Originally Posted by ewmayer Still, you gotta admit the run of 10+ which seem to conform to a significantly shallower log-line slope is rather remarkable.
Yes. But consider that the processing of the data helps create the remarkable seeming smoothness of the representation. First, it is an ordered list. Secondly, it's a log chart. Thirdly, what's being plotted in log coordinates is itself a log function (the exponent of the Mersenne prime, not the Mersenne prime number itself). So we are looking at log(log(sort(known Mersenne prime numbers))) in the vertical axis, vs sorted order position in the horizontal. I get something remarkably flat and smooth also, when doing log(log(sort(Wisconsin villages population counts))), which numbers are the results of millions of separate decisions about where to live. The three charts of ~400 data points are 3 different representations of the same population data.

And, note that M16-26 while not as remarkably low or seemingly uniform a slope as the M40-50 run, is equal in run length, and M12-13, M26-28, M31-32, M37-40 are noticeably higher slope than the overall trend. We may be in for a drought. And that all of that has precious little predictive value. Adding another order of magnitude at the top of the chart appears to be the work of about a GIMPS-century. It would be interesting to see what a discrete Fourier analysis of the sequence would say. I think Chris Caldwell's pages say it's consistent with what one statistically expects.
Attached Thumbnails

2018-08-14, 20:32   #43
kriesel

"TF79LL86GIMPS96gpu17"
Mar 2017
US midwest

381410 Posts

Quote:
 Originally Posted by George M I thought the current largest mersenne prime in the world $2^p - 1$ had $p$ close to a billion for some reason. This was why I was misunderstood.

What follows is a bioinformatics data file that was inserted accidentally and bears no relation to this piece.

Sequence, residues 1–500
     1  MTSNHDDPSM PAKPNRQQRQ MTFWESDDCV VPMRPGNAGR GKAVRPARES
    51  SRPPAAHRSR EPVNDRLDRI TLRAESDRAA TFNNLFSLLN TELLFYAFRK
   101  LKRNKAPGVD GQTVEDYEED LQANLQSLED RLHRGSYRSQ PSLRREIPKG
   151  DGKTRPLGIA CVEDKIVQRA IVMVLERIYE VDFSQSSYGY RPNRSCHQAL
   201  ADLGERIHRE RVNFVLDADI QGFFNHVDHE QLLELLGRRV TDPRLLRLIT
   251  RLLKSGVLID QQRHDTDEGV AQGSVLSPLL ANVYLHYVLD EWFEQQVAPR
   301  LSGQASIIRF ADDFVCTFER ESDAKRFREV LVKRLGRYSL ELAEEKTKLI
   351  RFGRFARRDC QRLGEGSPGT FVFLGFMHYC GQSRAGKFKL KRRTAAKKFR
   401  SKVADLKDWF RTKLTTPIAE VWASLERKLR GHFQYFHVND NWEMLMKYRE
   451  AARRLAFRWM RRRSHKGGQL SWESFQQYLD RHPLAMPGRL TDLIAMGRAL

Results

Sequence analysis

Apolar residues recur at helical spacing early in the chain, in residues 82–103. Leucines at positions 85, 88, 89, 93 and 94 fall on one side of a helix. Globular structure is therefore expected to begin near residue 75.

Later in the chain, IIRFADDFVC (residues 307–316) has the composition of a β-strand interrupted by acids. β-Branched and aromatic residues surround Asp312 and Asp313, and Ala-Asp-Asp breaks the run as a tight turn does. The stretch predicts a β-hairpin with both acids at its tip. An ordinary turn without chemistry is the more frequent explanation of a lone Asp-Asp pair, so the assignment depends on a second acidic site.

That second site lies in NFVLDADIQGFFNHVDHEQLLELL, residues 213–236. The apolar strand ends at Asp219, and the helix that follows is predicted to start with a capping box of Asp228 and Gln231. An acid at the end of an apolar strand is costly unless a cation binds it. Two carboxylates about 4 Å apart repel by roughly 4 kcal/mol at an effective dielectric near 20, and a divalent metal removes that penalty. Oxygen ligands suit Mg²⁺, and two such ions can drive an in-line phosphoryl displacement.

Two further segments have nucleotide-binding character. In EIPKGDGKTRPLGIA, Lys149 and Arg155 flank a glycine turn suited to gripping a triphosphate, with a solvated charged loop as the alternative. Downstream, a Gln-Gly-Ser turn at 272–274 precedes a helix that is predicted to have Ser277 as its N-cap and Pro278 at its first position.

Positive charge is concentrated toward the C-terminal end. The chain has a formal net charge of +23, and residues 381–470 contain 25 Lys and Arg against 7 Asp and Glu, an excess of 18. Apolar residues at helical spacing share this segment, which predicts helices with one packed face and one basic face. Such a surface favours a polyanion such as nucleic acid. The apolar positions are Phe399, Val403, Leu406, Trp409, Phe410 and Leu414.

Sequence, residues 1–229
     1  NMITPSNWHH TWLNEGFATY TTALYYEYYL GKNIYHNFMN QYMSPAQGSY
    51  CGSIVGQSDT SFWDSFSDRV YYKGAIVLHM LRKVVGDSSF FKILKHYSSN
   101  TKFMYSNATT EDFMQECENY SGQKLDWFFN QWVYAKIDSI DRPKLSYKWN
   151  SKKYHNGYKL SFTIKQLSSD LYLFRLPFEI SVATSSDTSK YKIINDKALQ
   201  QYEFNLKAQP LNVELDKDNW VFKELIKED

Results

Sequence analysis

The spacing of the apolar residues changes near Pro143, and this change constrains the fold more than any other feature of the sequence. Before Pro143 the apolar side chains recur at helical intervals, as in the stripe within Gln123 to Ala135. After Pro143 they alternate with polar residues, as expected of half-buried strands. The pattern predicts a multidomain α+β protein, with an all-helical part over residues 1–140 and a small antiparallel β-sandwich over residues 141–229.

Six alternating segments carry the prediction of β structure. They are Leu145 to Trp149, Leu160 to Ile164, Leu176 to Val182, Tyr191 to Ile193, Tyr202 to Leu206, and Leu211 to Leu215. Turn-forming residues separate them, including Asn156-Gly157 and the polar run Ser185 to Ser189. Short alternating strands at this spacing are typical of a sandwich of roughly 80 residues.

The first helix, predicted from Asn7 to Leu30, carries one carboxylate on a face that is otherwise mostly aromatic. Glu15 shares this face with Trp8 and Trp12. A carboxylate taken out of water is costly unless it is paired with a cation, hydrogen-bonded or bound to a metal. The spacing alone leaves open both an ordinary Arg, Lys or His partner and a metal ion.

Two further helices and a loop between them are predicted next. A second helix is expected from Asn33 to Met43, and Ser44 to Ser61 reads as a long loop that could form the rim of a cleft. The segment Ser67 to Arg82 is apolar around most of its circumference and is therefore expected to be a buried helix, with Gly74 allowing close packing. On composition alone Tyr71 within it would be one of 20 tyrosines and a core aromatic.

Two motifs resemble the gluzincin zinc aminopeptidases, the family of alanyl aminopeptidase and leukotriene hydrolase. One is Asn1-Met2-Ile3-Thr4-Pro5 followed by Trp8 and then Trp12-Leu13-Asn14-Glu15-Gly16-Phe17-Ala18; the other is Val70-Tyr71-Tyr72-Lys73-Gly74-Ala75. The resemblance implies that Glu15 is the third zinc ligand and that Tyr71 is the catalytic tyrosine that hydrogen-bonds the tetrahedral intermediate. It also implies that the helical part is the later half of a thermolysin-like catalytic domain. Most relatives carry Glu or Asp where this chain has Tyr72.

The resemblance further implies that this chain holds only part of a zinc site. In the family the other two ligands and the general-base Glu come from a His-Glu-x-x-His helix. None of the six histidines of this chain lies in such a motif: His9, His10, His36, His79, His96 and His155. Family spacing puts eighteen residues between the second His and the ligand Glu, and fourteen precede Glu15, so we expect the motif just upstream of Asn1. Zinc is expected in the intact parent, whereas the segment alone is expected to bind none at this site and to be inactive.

It looks to me more a case of you misunderstanding. There's a surprising amount of learning curve in this arcane area. (How's the hill climb going?)

The list of known Mersenne primes is available at https://www.mersenne.org/primes/ and many other locations, only a reasonably effective web search away; M50 ~77.2M.

There's also periodic press coverage when a new one is found, in which the new world record exponent is typically given

Current routine assignments for primality testing are around exponent 81 million, more than a factor of 12 lower than a billion.

It takes of order a year with a fast gpu (~GTX1080) and best available software to primality test a single gigabit Mersenne. Preparatory optimized-duration TF and P-1 factoring attempts can take weeks or months per exponent on lesser hardware (midstream gpus, or multiple-cpu-core workers).

The latest prime95 readme states the maximum exponent that can be primality tested is 596 million.

As I recall, the highest known completed primality test was part of a group of exponents around 604 million. A quick scan of the work distribution map at https://www.mersenne.org/primenet/ confirms that, and shows that except for a clump of hundreds for exponents around a third of a billion, primality tests above exponents of a hundred million are rather rare.

I've put considerable effort into documenting what the capabilities and limitations are of the most popular Mersenne prime hunting software, and other reference material for gpu computing mostly, and posting links to the tabulation. Nothing implements primality testing beyond a 64M fft length (~1.14 billion), because the run times are too unacceptably long.

The reliability of the code in the higher reaches is doubtful, both because it sees little use, and there are documented issues from very limited purposeful brief testing.

It takes an estimated century at our current rate to advance the GIMPS wavefront to near a billion for a primality test.

There were numerous available indications that guessing the next Mersenne prime to be found is in the multiple billions and proposing to test such large exponents was off the mark, in multiple ways, including other posters' reactions to your posts. Somehow all those got missed, ignored, dismissed, or misinterpreted, while the fixed misconception of known prime exponent ~ a billion remained not sufficiently questioned. It could be useful to look at that process and learn from it.